Vision Quality Consistency CMG is a multimedia company that specializes in producing high quality glossy consumer and custom magazines. We handle the entire production process, from conceptualization to planning, layout, printing and the delivery of the finished product. 48 Sandy Babb Street | Kitty | G/town | Guyana Phone: 226-0540, 225-1738, 624-2751 Email: sales@corbinmediagroup.com W: www.corbinmediagroup.com

2012 Guyana Golf

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1-on-1 with the President of LGC, Jerome Khan A By Salima Bacchus-Hinds

ttorney-at-Law, Jerome Khan was elected President of the Lusignan Golf Club (LGC) in June 2012.

Guyana Golf magazine met with Khan to discuss the future of the Golf Club and of the development of golf in general. Khan said that he hopes that during the term of his presidency to see a growth in the number of persons playing golf in Guyana. He believes that golf can evolve as a primary sport in the nation much like cricket and football, but need support from the government in the same way as cricket and soccer is supported. Khan since elected, said that his committee has embarked on a program through the media, highlighting the Club Tournaments and activities at the LGC, this has resulted in an increase in membership as well as corporate sponsorship. He said, he is grateful to Ansal McAl, D.D.L., Courts (Guyana) Inc., United Auto, Tony’s Auto Spares, Ray’s auto Spares, Digicel, Macorp, United Insurance, Citizen Bank and Banks DIH for their continued support and sponsorship. In particular, Khan said that he

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Golf Guyana 2012


Khan (centre) poses with other players

was particularly pleased with His Excellence, President Donald Ramotar, who for the first time sponsored a golf tournament under his name and through the Guyana Tourism Authority. The tournament which was played September 16, 2012, attracted over 40 players and a large turnout of fans and supporters. According to Khan, there are plans to reintroduce a junior programme, to encourage new and young players (boys and girls) to play golf. The Club will actively promote the sport in high schools and among university students, and will be offering Golf lessons free of charge, along with the needed equipment. This initiative would serve as an introduction to the sport, and as persons become further interested in Golf, they will then make their own investments to play the game. Moreover, members and the public will see improvements in the golf club facilities and its environs to make the golf course and the club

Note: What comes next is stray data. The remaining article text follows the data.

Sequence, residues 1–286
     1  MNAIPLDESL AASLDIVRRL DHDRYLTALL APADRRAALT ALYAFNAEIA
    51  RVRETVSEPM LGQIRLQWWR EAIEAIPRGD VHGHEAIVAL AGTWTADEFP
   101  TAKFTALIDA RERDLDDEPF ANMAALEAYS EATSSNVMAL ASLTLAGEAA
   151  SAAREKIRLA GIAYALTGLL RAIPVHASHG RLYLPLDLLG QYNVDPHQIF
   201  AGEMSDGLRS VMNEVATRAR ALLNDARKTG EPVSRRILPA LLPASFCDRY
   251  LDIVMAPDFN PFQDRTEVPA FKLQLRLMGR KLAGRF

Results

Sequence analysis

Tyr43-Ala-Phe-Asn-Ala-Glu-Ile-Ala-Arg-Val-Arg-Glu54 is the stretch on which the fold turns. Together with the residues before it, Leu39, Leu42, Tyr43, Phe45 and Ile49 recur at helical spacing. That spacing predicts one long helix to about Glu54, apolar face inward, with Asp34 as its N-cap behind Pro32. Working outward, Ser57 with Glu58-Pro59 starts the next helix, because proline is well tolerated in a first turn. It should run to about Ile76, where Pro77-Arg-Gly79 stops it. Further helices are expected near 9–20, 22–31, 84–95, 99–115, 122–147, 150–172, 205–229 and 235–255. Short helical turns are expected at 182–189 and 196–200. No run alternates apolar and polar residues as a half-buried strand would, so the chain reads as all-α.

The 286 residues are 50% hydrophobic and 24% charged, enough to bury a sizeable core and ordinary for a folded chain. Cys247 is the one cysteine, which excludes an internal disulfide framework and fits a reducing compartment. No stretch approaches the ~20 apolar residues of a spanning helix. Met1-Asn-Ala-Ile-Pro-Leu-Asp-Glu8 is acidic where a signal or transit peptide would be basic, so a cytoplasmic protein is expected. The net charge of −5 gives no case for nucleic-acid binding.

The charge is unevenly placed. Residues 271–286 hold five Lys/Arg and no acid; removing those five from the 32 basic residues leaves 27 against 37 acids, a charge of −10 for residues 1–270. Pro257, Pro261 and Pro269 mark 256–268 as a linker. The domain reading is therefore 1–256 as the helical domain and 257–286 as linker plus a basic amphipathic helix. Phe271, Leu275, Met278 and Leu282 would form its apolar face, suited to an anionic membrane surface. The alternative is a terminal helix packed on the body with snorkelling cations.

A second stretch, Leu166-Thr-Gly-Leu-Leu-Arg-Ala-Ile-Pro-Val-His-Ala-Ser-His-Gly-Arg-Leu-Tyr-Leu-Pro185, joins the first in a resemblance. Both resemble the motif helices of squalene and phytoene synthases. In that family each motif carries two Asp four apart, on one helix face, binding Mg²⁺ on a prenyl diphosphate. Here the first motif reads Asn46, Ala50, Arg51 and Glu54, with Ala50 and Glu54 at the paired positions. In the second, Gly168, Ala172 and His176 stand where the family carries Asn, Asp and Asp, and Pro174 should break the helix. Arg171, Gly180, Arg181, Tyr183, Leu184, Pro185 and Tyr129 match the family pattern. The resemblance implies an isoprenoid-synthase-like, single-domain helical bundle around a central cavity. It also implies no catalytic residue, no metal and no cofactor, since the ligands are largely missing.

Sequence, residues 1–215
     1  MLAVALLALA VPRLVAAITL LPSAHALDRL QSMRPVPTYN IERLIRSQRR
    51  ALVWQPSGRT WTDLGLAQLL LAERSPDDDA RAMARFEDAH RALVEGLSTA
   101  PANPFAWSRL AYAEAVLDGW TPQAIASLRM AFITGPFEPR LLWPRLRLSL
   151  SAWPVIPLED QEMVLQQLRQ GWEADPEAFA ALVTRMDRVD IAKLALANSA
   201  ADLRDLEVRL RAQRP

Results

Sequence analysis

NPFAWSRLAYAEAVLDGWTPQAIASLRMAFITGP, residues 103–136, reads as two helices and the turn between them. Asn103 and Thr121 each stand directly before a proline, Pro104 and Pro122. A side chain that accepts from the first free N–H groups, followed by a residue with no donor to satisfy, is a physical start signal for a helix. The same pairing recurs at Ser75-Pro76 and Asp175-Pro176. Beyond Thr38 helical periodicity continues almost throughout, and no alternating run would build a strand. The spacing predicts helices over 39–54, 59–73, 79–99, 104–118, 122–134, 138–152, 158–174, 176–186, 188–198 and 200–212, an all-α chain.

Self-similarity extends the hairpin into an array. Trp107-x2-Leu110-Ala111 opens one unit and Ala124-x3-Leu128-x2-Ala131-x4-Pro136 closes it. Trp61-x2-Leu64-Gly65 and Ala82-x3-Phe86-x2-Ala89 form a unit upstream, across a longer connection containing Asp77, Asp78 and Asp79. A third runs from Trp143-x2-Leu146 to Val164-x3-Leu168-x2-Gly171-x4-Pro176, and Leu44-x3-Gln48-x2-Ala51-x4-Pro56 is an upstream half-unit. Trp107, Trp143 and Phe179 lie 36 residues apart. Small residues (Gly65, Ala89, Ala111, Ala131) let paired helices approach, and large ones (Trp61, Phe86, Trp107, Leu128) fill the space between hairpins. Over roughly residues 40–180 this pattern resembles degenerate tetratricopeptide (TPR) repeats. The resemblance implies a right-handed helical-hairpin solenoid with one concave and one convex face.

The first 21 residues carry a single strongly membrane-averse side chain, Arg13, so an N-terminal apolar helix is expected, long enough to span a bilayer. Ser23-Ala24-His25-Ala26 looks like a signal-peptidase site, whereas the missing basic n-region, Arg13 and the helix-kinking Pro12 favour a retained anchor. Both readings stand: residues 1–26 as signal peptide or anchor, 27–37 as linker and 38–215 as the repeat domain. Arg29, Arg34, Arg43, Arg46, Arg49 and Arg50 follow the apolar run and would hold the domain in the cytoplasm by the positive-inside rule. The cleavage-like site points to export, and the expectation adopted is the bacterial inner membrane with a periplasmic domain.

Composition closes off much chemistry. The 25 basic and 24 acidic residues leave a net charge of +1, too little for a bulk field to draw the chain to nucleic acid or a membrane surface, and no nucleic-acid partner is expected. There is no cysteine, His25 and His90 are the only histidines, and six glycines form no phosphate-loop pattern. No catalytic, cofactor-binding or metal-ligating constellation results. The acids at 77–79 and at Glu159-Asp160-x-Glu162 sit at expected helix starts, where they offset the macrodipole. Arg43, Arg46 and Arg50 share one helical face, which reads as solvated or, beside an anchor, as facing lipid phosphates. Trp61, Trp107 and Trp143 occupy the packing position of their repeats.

house more attractive to potential golfers. For example, there is an urgent need for the repair and upkeep of the access roads from the Lusignan junction to the Club grounds. Khan hopes that the club can receive government support for this particular issue. The upgrades so far have received positive feedback from the Club’s members, sponsors and the general public that come out to watch the tournament. Altogether, over the next five years, Khan envision an increase in membership to over one hundred playing persons, plus a sizeable increase in –playing Club members. He foresees golf as an inclusive sport, to all men, women and youth. To realize this goal, he hopes to receive more government cooperation and continued corporate support in promoting golf. He encourages everyone to visit the Lusignan Golf Course, participate, try the game and enjoy the facilities. 2012 Guyana Golf

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Local Golf Gets a Boost I

By Colin Ming

t was Sunday 16th September at approximately 9:45 am that His Excellency President Donald Ramotar teed off from the first tee box to start the inaugural ‘President’s Cup’ Golf Tournament at the Lusignan Golf Club. This brainchild of new President, Jerome Khan and the committee, was accomplished with the cooperation of Minister Irfaan Ali as a ‘pilot project’ of his Ministry’s plan to promote Sport Tourism in Guyana. Minister Ali stated at the launching “We are working from different angles in terms of developing and expanding our tourism product. Golf has a special appeal to an upper class and middle class market in the Caribbean; it has a targeted market. We want to use this opportunity to work with the local golf association in creating a space for Guyana within the golf market, that will not only promote the sport here but will also advance our tourism product.”

As to the role that Golfing will play in attracting visitors, the Tourism Minister revealed that already, several private investors are interested in constructing golf courses in Guyana, which will act as center pieces for attracting even more tourists. This is certainly the opening of what could and should be the beginning of golf development in Guyana. For quite some time, golf was not looked favorably upon, by our governments, as it is considered a “rich man’s sport”. It is a welcome change that we have come to accept the upper and middle classes as part of our society that should be included in development plans. Recognizing there is a niche market here has been long in coming to our tourism sector.

He further explained, “Instead of giving leeway to Barbados to host a regional tournament we are trying to start a program where we can be the host of a major gold tournament. That is why we are attaching the President’s name to this tournament and we are seeking to bring in as much regional participants as possible.”